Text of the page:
The high-speed railway service in China was introduced in 2008 with the launch of the Beijing-Tianjin route. The route network has now grown to more than 30 cities, including Harbin, Urumqi, Guangzhou and Sanya (see map below).
The high-speed train was originally able to reach speeds of up to 350km/h. However, after the Wenzhou train collision in 2011, train speeds were capped by 50km/h to a maximum of 300km/h, with variations depending on the route.
According to The World Bank (Beijing), passenger capacity has increased from 128 million in 2008 to 2.9 billion in 2014. This surge in popularity reflects both the growth of the rail network, and a reaction to China’s notorious air traffic problems, with flights regularly delayed or cancelled. If you want to avoid flying in China, the high-speed railway is a good alternative.
I took the Huning Line, departing from Nanjing to Shanghai Hongqiao Station. There are nine stops on this line: Nanjing, Zhenjiang, Danyang, Changzhou, Wuxi, Suzhou New District, Suzhou, Kunshannan and Shanghai Hongqiao.
This line operates 17 services a day, the first one departing at 0611, and the last one at 1948, however together with other high-speed rail lines, there are 247 train services between Suzhou and Shanghai Hongqiao every day, running almost 24 hours a day.
There is no airport in Suzhou, therefore travellers must choose to depart from either Wuxi or Shanghai for domestic and international flights. I had booked a flight to Hong Kong departing from Shanghai Hongqiao International Airport at 1520, and so opted for the 30-minute train service departing at 1319.
From the rail terminus, it’s about a ten-minute taxi ride or metro journey to the international Terminal 1. The domestic Terminal 2 is connected to the rail station – but is also a ten minute-metro ride or 15-minute walk indoors.
There are two ways to book a ticket. Chinese passengers who hold a “second generation resident identification card of the People’s Republic of China”, can book tickets online at gaotie.cn (Chinese only).
Otherwise, passengers must queue up at the counter. I arrived at Suzhou Station at 1245 and waited in line at the kiosk for 10 minutes. There are limited English notices and timetables, but if you know where you are going, it should be easy to purchase a ticket without too much difficulty.
There are five seat classes on board: no-seat (standing the whole journey), second, first, business and VIP class. Both business class and VIP class have fully-flat seats in a 1-2 or 1-1 configuration. Passengers also enjoy a TV and free food and drink.
As it was a short journey I opted for first class seats, however these were sold out so I had to settle for second class – the ticket was RMB39.5 (US$6).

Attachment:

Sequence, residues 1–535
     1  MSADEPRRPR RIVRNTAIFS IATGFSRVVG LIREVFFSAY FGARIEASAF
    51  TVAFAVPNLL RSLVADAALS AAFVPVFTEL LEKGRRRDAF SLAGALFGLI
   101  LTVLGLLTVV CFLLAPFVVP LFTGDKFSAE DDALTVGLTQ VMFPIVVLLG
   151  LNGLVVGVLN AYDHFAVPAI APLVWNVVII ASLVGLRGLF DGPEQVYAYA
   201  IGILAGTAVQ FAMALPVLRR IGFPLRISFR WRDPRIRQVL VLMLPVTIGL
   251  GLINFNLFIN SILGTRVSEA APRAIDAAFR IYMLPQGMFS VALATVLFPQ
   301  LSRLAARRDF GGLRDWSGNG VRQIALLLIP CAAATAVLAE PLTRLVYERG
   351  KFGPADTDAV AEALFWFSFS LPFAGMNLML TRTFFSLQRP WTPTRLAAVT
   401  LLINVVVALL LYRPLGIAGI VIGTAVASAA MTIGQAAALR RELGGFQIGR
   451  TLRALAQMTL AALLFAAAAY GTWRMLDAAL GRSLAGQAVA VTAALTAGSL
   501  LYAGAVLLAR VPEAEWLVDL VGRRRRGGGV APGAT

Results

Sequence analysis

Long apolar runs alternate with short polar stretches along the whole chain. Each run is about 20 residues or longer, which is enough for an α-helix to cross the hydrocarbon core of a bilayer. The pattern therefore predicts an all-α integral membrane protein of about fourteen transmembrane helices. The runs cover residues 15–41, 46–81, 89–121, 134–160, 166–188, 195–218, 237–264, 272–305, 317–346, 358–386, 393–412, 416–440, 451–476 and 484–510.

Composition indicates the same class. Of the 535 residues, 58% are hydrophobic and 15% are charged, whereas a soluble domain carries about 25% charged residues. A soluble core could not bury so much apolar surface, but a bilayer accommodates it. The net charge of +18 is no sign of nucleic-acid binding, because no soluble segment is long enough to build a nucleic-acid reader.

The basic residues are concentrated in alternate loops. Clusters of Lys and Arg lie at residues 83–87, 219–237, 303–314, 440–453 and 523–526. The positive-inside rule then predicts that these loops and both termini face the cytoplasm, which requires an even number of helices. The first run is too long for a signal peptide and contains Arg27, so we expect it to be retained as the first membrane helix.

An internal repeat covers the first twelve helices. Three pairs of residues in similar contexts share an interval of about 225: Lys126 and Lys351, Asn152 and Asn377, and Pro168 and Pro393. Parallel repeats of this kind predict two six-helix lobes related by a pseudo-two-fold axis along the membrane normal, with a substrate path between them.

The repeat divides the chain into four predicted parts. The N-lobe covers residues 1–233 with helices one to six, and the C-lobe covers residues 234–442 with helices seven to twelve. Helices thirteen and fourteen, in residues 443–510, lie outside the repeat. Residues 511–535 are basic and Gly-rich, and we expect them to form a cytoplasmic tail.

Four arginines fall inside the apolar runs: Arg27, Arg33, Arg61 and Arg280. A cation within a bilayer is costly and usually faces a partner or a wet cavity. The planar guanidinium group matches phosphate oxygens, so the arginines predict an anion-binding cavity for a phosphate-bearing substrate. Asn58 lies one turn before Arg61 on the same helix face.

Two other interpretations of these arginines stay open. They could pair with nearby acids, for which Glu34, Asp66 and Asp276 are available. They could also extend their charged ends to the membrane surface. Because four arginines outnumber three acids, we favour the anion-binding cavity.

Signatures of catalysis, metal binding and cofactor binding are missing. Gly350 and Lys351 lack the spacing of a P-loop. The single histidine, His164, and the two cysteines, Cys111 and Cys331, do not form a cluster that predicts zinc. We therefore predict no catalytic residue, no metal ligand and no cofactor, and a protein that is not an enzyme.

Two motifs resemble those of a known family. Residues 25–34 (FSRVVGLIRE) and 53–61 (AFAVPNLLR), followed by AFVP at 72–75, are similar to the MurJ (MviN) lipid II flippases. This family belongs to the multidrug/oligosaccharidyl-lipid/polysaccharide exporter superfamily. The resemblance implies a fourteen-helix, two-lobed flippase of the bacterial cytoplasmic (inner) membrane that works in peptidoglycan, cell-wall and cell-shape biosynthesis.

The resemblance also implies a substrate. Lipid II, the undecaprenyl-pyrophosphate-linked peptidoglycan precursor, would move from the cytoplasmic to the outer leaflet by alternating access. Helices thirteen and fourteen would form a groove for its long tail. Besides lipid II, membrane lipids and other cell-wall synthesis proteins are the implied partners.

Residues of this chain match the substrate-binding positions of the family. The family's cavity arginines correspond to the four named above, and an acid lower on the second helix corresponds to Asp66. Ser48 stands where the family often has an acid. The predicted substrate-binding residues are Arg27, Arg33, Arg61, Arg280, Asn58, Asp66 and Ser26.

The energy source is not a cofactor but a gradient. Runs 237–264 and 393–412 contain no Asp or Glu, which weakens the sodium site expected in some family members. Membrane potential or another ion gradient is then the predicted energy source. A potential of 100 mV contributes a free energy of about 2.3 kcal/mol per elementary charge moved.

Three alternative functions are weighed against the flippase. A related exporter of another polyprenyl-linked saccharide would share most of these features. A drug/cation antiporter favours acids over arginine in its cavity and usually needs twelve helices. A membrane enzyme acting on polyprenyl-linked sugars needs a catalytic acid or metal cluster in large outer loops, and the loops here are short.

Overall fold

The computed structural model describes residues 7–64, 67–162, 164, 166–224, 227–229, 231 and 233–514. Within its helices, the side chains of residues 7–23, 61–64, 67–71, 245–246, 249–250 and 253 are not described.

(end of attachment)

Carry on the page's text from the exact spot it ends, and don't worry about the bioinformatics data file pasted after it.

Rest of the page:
I left the counter at 1255 for the 1319 train. From the ticket area, you walk to the terminal and go up to Level 2 for ticket and security checks, where you present your Mainland Travel Permit card.
The terminal has 14 gates (B1-14) on Level 2. There are shops, restaurants and plenty of seating areas. There are also two gates (A1-2) on Level 1.
Second class seating
I arrived at gate A2 at 1300. The gate opened ten minutes later, and although the train had not arrived, there was a rush as everyone tried to find their assigned carriage – mine was number five.
The G7113 service, originating in Nanjing, reached Suzhou exactly on time at 1319. People jumped onto the train very quickly as there were only a couple of minutes to get on board before the doors closed and the train left again.
There is some room to place luggage in the overhead storage compartment, but my suitcase was too big so I had to leave it in a corner near the door.
When I reached my seat, 11F, I found it was occupied by someone, so I politely asked him to leave. This is fairly common, so do keep your ticket stub to avoid any problems.
The configuration of second class is 3-2. The seat width is narrow, but there is a generous pitch so my legs didn’t feel cramped and the seat can also recline quite far. Facilities include a table and power outlet, but you will need your own international adaptor. There is no seatbelt on the seat.
The train had already begun moving before I settled down, and quicky accelerated to 279km/h.
During the journey, cabin assistants wandered the aisles with a trolley selling snacks such as crisps and soft drinks.
The train made another stop at Kunshannan Station at 1333, before leaving again at 1335. There was an English announcement, reminding passengers not to get off for a walk, as the train would depart shortly.
When the train set off again I took out my smartphone to browse the internet, however I was unable to connect (perhaps the speed of the train made my phone signal weak?) and there was no wifi service.
The train decelerated again and reached Shanghai (Hongqiao) at 1351.
I was very impressed with how punctual the train service was – definitely an appealing alternative for passengers sick of the delays and cancellations associated with air travel. The journey was short and relatively comfortable. However, the short times allowed for boarding may be a problem for physically challenged passengers or those carrying bulky luggage.